By Edward Garon, MD, as told to Rachel Reiff Ellis
Non-small-cell lung cancer (NSCLC) is a very prevalent disease. But disease rates have gone down -- and hopefully will continue to go down -- over time. This is in part because of preventive measures: Fewer people are smoking cigarettes. Although there are many people who have lung cancer who have never been smokers, cigarette smoking is far and away the leading cause of lung cancer.
To understand where NSCLC treatment is headed, it helps to understand where it is now. The two main things we need to evaluate when someone is diagnosed in order to decide on a treatment approach are the extent of disease and the molecular abnormalities present in the cancer.
When the disease is in its early stages and hasn’t spread beyond where it started, the most common approach is surgery to remove part and sometimes all of the lung. One of the main problems in lung cancer treatment has been that most people aren’t diagnosed until their disease has progressed past this point. We’ve been working to identify lung cancer earlier so that treatment approaches such as surgery are still an option. We believe that with effective screening, we can cure more people.
For people whose disease has spread beyond the lung to involve a regional, or close-by, area, treatment is a bit more complicated. But we still approach it with the intent to cure. We may use a mix of surgery, radiation, chemotherapy, and immunotherapy. In people with metastatic disease, where the cancer has spread outside the chest, local therapies aren’t effective. Then we look at others that will work throughout the entire body. This can mean immunotherapies, targeted therapies, or additional chemotherapy that is sometimes called cytotoxic chemotherapy.
Advances in Treatment
There have been significant advances in the use of targeted therapies. When we say “targeted” therapies, we don’t mean physically targeted the way radiation is. Instead, we mean they’re targeted to specific abnormalities in an individual’s tumor. It was less than 20 years ago that we had a breakthrough with the drugs that targeted proteins called epidermal growth factor receptors (EGFR). EGFR is a protein on the surface of cells that helps them grow and divide. Some NSCLC cells have too much EGFR, which makes them grow faster.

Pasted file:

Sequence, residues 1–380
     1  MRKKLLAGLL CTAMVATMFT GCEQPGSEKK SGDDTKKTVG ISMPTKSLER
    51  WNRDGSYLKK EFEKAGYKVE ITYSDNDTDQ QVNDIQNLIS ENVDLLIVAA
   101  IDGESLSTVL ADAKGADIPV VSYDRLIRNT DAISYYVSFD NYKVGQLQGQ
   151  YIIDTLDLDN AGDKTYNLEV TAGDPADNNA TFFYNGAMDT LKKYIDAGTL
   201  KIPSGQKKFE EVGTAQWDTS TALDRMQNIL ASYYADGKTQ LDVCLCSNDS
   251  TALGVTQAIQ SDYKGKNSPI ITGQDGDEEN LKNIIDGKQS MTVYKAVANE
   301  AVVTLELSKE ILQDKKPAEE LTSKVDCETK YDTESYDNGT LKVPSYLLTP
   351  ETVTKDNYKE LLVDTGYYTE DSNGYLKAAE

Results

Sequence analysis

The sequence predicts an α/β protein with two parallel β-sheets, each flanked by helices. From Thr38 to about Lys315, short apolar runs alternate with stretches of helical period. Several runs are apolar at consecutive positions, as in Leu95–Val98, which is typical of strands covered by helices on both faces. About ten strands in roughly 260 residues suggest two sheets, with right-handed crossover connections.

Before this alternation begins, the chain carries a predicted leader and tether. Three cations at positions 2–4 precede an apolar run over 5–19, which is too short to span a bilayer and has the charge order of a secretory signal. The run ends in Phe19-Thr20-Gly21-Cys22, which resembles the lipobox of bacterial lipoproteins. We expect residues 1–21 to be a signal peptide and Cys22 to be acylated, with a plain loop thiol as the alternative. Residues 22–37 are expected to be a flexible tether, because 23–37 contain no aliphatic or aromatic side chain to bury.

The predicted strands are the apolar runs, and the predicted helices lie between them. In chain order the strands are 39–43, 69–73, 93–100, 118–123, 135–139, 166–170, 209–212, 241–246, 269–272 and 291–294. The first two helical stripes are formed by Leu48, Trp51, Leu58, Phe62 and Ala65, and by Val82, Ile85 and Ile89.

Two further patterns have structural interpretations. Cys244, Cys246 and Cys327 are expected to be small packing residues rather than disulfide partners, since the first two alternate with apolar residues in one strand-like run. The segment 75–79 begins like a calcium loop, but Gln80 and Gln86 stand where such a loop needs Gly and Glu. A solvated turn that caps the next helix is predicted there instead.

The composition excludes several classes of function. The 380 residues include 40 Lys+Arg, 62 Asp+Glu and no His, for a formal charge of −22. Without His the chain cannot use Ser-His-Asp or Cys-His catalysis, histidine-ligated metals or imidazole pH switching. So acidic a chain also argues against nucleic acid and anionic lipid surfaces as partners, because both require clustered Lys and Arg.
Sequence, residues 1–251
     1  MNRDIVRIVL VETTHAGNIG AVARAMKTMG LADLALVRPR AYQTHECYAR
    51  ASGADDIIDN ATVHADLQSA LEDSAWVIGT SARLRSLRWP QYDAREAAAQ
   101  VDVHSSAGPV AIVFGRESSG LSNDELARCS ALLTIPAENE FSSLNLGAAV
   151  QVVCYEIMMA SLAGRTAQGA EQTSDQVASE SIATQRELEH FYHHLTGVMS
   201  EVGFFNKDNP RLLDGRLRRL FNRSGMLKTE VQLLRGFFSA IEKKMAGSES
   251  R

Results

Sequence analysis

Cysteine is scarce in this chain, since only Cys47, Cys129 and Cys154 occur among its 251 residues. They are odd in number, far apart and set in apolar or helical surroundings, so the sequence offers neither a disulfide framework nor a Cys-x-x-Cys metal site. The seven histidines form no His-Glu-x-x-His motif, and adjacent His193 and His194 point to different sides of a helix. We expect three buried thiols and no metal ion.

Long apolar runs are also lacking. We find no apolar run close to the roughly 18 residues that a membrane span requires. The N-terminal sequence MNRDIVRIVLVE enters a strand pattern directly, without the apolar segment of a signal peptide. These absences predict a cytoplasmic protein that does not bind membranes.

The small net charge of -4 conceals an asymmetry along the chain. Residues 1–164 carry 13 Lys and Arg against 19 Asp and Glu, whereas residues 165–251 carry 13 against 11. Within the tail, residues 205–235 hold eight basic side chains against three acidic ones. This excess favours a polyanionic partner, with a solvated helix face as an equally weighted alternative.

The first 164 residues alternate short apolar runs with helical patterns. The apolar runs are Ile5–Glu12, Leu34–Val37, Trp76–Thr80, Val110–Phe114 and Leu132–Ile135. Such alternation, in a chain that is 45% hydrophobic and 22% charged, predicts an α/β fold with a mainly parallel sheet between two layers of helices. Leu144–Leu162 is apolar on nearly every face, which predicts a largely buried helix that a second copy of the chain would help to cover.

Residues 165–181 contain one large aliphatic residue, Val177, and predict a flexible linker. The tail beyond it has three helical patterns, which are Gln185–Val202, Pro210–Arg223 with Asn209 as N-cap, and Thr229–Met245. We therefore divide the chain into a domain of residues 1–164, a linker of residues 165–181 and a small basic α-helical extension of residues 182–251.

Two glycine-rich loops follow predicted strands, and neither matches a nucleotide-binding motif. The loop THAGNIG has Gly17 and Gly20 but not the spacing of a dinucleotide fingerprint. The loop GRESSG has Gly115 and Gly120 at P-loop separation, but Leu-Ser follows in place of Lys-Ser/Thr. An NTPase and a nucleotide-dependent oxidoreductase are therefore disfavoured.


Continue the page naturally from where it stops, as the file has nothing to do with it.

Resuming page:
We recognized that EGFR-inhibiting drugs worked only in tumors that had a mutation, or change, in the EGFR gene. That led to the discovery of several different mutations and the development of seven new FDA-approved therapies that treat these specific mutations. There are now approved tests in our diagnostic workup that check tumors for these mutations so we can move forward with the right therapy. We can use these treatments on nearly 20% of people with lung cancer in the U.S. This has greatly improved their outlook.
Two major sorts of breakthroughs in treatment have come together to move this needle for several cancers, but particularly non-small-cell lung cancer. My division chair here at UCLA Jonsson Comprehensive Cancer Center is Dennis Slamon, MD, who characterized the Her2/neu oncogene. Her2/neu is a protein that makes certain cancers grow faster. He then helped develop trastuzumab, which is an antibody specifically directed against that particular abnormality.
Before that, researchers weren’t looking to divide a common tumor into groups. But we now recognize that by doing that, we can develop treatments for small groups of people and even some rare mutations. Often there are now multiple different drugs available, even for fairly rare subtypes of lung cancer. Also, the use of immunotherapy has really changed the outlook for people with lung cancer. Some live very healthy lives with a normal lifespan, sometimes even with no further therapy.
Where Treatment Is Headed
There are approaches coming down the pipeline that we hope will improve on all three of the major types of therapies that go throughout the body, or what we call systemic therapies: chemotherapy, immunotherapy, and targeted therapy. For chemotherapy, the major advance is what we call an antibody drug conjugate. These are drugs that essentially attach chemotherapy to an antibody. The antibody homes in on a specific protein on the tumor. This approach would help kill tumor cells more than normal cells.
There are also efforts to both expand the number of mutations that we can effectively treat with targeted therapies, as well as improve upon the treatments that are already available.
And with respect to immunotherapy, which induces your own immune system to try to fight against the disease, we’re working on our ability to bring the immune system into treating cancer. Many times, we’ll use drugs that target other parts of the immune response.
Looking to the Future
In terms of the outlook for NSCLC, we believe that with an effective screening program, we would be able to cure more people, for instance, by surgery. Also, some of our newer therapies make it less likely the disease will come back, or at least put off the return of disease in people with locally advanced disease who’ve had surgery. The use of immunotherapy has made it more likely that people will survive long-term, even those who have advanced disease. Before this, long-term survival was uncommon.
Our goal is to be able to view NSCLC as a “chronic” disease. This means that over time, with the right treatment, people who have it are able to lead a completely normal life. We still aren't quite there. The cancer cell eventually figures out a way. But our march toward making it a chronic disease is real, and we continue to hope that we’ll push even beyond that in the future.